Information technology uses about 2 percent of the electricity generated in the United States. Intel says it wants to bring its share of that power use down.
That's the impetus behind some of the projects Intel showed off Thursday at its Research@Intel day in Mountain View, Calif..
From new technology to cut the power use of inactive mobile internet devices fifty-fold to work aimed at keeping PCs and laptops in low-power "sleep" mode while still "always on" from a network standpoint, "Eco-innovation and energy efficiency continues to be a big part of what we do," Justin Rattner, Intel's chief technology officer, said.
Foremost among those efforts, he said, was Intel's new "Moorestown" platform for mobile internet devices like laptops and mobile phones. The new platform will be able to cut the power used by idling mobile Internet devices by a factor of 50 compared to its previous platform, known as Menlow, he said.
That would be a boon for battery life for laptops enabled by Atom – and it could be a selling point for a line of handheld Atom-enabled mobile internet devices Intel is working on as well.
Prototypes have already been on display at Taiwan's Computex IT show, Rattner said. Intel in February announced its intention to incorporate the Moorestown technology in handheld devices build by LG Electronics, with an eye to bringing devices to market next year.
The idea is to enable hardware to manage power use so that only the processors or chipsets needed at the time are getting power, said Ticky Thakkar, director of platform architecture for Intel's ultra mobile group.
Thakkar compared previous technologies to turning on every light in a house when you come home. Moorestown is more like turning on lights only in the rooms you're using, he said.
Given that many mobile devices spend about 90 percent of their time sitting in pockets or briefcases doing very little, "It's a much more selective approach in driving the power down," he said.
Even when in use, Moorestown-enabled devices should use about two to three times less power than previously, said Greg Allison, Intel technology strategist.
"By design, this research was put in place to ensure it would work across the full range of Intel products," he added. "Over time we'll see which product groups will choose to incorporate it into what they do."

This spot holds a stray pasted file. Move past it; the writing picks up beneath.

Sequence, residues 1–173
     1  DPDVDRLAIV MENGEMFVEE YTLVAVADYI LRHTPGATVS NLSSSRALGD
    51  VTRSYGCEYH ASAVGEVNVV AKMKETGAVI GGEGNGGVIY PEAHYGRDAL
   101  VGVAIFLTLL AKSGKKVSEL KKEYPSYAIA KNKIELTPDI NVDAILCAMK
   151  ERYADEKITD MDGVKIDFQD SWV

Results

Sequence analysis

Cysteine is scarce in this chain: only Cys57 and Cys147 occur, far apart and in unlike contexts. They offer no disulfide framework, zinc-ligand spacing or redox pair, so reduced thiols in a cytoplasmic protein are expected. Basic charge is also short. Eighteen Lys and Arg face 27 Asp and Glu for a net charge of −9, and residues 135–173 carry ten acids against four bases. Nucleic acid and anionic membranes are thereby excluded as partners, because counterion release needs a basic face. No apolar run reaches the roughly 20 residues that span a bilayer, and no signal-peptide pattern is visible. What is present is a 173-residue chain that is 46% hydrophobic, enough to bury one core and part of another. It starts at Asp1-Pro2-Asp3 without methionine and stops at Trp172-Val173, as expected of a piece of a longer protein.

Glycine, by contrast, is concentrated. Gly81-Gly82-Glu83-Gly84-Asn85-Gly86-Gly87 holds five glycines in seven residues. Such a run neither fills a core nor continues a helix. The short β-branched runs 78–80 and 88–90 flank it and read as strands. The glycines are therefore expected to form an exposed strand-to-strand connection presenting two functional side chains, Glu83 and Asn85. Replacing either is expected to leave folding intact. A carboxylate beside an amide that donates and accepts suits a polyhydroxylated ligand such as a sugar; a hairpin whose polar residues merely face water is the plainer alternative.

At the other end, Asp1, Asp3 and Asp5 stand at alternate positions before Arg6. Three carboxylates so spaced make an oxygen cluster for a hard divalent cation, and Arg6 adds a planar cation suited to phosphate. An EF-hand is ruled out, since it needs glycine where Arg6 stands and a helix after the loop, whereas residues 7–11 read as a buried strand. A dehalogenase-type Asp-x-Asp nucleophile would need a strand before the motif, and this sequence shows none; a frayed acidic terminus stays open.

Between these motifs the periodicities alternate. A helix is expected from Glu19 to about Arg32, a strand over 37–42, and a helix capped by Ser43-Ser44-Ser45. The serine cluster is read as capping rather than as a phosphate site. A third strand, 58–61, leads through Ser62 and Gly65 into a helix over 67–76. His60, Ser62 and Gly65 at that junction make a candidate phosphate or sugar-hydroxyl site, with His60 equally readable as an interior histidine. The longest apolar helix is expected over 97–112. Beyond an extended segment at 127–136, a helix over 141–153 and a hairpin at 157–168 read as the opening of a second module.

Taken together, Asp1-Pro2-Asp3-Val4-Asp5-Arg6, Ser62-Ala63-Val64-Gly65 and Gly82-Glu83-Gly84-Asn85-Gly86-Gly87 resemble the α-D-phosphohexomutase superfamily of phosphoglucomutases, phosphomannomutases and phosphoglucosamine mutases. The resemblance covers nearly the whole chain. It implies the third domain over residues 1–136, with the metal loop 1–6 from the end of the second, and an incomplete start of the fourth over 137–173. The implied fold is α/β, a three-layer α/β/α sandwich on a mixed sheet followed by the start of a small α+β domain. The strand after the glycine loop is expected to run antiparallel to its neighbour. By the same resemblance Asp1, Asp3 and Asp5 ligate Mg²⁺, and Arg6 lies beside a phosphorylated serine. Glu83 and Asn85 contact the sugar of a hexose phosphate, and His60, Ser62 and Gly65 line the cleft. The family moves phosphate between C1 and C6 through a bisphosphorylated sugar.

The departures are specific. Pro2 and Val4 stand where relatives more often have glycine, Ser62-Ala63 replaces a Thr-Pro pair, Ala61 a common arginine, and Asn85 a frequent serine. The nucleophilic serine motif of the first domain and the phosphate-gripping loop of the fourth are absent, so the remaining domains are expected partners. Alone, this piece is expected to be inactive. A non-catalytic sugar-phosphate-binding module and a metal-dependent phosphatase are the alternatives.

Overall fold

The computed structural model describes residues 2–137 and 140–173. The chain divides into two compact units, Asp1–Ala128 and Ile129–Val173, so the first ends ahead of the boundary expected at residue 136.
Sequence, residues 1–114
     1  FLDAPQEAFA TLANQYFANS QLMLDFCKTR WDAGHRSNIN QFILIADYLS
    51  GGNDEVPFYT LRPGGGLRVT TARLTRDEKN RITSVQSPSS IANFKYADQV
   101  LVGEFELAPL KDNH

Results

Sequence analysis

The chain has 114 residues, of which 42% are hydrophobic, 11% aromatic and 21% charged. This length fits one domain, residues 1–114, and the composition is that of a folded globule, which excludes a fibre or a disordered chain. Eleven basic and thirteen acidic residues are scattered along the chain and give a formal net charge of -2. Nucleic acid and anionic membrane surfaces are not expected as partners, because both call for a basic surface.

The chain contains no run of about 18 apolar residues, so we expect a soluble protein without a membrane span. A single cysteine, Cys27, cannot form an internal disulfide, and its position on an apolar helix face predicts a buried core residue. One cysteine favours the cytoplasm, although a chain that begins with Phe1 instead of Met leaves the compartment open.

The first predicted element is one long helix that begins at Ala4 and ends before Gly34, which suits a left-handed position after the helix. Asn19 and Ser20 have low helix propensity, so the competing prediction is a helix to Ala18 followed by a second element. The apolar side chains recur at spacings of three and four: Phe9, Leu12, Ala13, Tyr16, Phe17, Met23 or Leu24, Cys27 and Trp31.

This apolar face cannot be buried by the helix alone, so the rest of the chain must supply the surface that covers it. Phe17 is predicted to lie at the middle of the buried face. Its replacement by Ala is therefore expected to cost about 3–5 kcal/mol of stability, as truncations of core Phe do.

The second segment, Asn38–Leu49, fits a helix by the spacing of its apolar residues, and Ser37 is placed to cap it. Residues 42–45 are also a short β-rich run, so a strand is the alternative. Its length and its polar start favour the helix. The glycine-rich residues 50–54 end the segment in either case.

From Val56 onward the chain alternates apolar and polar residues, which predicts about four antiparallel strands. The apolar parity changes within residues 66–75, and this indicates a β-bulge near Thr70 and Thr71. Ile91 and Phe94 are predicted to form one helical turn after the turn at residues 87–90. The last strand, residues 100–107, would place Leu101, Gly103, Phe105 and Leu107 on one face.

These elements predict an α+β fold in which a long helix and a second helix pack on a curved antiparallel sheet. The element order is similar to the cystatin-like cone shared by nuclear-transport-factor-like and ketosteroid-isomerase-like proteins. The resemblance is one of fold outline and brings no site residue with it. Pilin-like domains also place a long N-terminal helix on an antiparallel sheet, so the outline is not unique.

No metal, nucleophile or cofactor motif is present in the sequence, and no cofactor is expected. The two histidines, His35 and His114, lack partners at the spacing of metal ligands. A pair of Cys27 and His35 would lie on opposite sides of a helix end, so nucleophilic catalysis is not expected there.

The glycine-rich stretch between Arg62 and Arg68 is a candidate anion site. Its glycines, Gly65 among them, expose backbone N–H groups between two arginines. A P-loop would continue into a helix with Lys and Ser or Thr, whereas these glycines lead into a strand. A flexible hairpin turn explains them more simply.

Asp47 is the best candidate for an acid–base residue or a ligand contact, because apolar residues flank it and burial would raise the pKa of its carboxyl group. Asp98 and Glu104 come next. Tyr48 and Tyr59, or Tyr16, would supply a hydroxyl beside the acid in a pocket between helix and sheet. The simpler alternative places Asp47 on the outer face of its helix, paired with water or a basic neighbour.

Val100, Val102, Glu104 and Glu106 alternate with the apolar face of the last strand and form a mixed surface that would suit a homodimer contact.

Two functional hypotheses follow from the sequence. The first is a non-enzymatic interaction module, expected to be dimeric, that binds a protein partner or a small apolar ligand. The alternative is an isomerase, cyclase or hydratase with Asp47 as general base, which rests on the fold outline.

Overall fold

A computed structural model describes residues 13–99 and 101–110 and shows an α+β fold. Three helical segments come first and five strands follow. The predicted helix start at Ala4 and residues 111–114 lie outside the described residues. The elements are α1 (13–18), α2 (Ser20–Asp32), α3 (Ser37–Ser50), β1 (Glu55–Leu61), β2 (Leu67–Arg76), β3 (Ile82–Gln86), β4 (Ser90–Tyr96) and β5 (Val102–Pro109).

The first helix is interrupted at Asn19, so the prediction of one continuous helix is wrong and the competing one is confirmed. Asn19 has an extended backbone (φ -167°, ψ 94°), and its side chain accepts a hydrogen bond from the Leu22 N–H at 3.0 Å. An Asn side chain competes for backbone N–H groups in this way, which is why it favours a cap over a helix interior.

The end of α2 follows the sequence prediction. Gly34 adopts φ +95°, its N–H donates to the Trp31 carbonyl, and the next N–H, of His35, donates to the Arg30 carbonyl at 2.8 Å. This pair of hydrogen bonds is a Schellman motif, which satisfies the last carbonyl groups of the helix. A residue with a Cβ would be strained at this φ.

For example, Intel's research into "communication assisted platform power management" is aimed at reducing power used for heavy workloads like video or voice-over-internet telephony, said James Tsai, Intel research scientist.
He showed off a platform that could yield average 30 percent power reductions for those data-intensive uses, depending on how heavy the workloads were.
Another challenge Intel is tackling is keeping PCs and laptops in low-power "sleep" mode while remaining available for networking. Intel has developed technology that bridges that gap, allowing sleeping devices to remain aware of and wake up to networking requests, said Kapil Sood, an Intel research scientist.
Given that PCs use about 150 watts when idling, but only 1 to 2 watts when asleep, that's a lot of potential power savings, he said.
That's going to become important as the Environmental Protection Agency finalizes its new version of Energy Star regulations that seek to measure PCs power use across all their states - from active to asleep - and compare average annual usage against benchmarks, Sood said.
Intel is now shipping PCs with the sleep state networking technology, but is working on bringing it to wirelessly enabled laptops and other devices, he said.
These aren't the only energy efficiency plays Intel is looking at, by the way. The company is also involved in microprocessors for wind turbines, is working with General Electric on TV-based home energy management systems, and a host of other "green" projects (see Intel Inside Wind Turbines and Coming Soon: Intel in Smart Grid).